Students Make Their Book Recommendations

Imagine sitting in a comfortable chair with a cozy blanket, seeing yourself fight dragons or restore peace to a galaxy. Reading is an easy, accessible, and inexpensive way to pass time during quarantine.

by Grace Uhrain, Editor in Chief

Readers across the school would like to recommend their favorite books to other students. Over winter break, picking up a book for fun can help pass the time and enjoy oneself.

“Six of Crows” by Leigh Bardugo – Recommended by Cassidy Dobler ‘22

     This book tells the fantasy story of six characters.

  “It has an engaging and diverse cast of morally-gray characters and a highly entertaining plot,” Dobler said. “This book manages to be funny and meaningful even as it is a fast-paced heist sort of book that always keeps you wondering what happens next.”

The synopsis for this book on the Leigh Bardugo website reads, “Ketterdam: a bustling hub of international trade where anything can be had for the right price–and no one knows that better than criminal prodigy Kaz Brekker. Kaz is offered a chance at a deadly heist that could make him rich beyond his wildest dreams. But he can’t pull it off alone […] Six dangerous outcasts. One impossible heist. Kaz’s crew is the only thing that might stand between the world and destruction—if they don’t kill each other first.”

“Gates of Fire” by Steven Pressfield – Recommended by Kinley Oppenheimer ‘23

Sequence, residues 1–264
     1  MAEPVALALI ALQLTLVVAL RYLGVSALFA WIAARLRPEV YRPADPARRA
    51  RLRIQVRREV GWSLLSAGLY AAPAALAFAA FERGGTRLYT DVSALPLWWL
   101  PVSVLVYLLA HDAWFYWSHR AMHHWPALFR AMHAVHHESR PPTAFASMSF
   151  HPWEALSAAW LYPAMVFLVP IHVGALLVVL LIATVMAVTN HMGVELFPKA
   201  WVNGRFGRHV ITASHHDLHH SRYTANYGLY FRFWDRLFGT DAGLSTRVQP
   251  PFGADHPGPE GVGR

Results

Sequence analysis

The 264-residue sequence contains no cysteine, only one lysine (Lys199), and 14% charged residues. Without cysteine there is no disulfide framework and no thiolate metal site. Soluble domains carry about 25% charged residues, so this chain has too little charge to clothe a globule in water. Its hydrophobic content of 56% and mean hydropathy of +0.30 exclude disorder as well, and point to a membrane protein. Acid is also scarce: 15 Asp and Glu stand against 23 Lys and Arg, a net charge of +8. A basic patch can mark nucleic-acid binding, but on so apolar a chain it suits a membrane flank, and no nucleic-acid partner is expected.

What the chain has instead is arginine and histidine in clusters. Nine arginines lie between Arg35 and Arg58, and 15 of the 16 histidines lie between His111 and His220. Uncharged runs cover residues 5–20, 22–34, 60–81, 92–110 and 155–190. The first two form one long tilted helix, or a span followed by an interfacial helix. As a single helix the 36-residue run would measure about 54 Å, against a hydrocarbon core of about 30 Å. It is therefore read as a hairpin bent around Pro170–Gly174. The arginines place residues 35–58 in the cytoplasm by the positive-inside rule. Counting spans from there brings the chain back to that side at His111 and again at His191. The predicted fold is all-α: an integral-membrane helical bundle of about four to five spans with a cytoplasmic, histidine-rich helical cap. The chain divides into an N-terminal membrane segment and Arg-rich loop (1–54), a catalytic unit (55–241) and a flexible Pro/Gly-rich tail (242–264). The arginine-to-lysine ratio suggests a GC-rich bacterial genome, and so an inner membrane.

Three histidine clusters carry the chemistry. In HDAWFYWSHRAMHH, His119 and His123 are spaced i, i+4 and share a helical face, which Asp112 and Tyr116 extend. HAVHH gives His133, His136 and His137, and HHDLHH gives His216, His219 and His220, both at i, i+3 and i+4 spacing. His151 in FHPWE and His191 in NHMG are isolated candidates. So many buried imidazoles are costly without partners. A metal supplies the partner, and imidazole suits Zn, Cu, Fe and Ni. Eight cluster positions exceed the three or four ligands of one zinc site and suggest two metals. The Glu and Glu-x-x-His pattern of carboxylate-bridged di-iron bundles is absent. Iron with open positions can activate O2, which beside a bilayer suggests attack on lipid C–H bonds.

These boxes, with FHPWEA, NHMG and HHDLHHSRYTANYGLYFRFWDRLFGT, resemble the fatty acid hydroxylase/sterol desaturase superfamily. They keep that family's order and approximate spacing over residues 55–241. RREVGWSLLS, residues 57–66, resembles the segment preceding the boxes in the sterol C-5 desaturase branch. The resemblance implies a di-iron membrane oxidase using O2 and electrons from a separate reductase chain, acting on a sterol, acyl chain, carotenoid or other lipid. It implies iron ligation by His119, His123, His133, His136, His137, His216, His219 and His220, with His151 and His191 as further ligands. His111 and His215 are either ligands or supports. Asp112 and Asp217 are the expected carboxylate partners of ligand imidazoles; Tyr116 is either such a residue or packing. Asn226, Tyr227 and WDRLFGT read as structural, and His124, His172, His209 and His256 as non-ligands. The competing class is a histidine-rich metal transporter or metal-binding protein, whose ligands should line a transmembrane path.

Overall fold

This book talks about the battles of ancient life.

“I think other students should read this book because even though it’s slightly educational, it almost feels like a fantasy,” Oppenheimer said. “The description in the novel and character arcs prove to make an adrenaline-pumping and interesting book.”

The Goodreads summary for this book reads, “In 480 B.C., two million Persian invaders come to the mountain pass of Thermopylae in eastern Greece, where they are met by 300 of Sparta’s finest warriors.”

Annie Huang ‘21 holds her copy of Born A Crime. (photo by Annie Huang)


“Born A Crime” by Trevor Noah – Recommended by Annie Huang ‘21

This book talks about life during the Apraheid in South Africa.

Born a Crime is overall a well-written story with plenty of funny moments within it too,” Annie Huang ‘21 said. “It definitely has other lessons and themes too, mostly touching on family, love, and friendship: topics that we teenagers can relate to. The story touches on many of the issues prevalent in society even though we don’t live in Apartheid South Africa. […] The book discusses his life being a biracial child in apartheid South Africa, I think it’s a topic that’s very important currently for us to be aware about,” Huang said.

The goodreads summary for this book is, “Trevor Noah’s unlikely path from apartheid South Africa to the desk of The Daily Show began with a criminal act: his birth. Trevor was born to a white Swiss father and a black Xhosa mother at a time when such a union was punishable by five years in prison.”


“Salt to the Sea” by Ruta Sepetys – Recommended by Sara Black ‘21

This book reveals the fictional stories of four people involved in World War II and the Holocaust. 

“It is a bit [more of an] emotional story regarding the experiences of four different refugees during the Holocaust that all connect together in the end,” Black said. “It was hauntingly good, and every detail leaves you wanting to read more.”

According to the Barnes and Noble synopsis, “World War II is drawing to a close in East Prussia and thousands of refugees are on a desperate trek toward freedom, many with something to hide. Among them are Joana, Emilia, and Florian, whose paths converge en route to the ship that promises salvation, the Wilhelm Gustloff. Forced by circumstance to unite, the three find their strength, courage, and trust in each other tested with each step closer to safety.”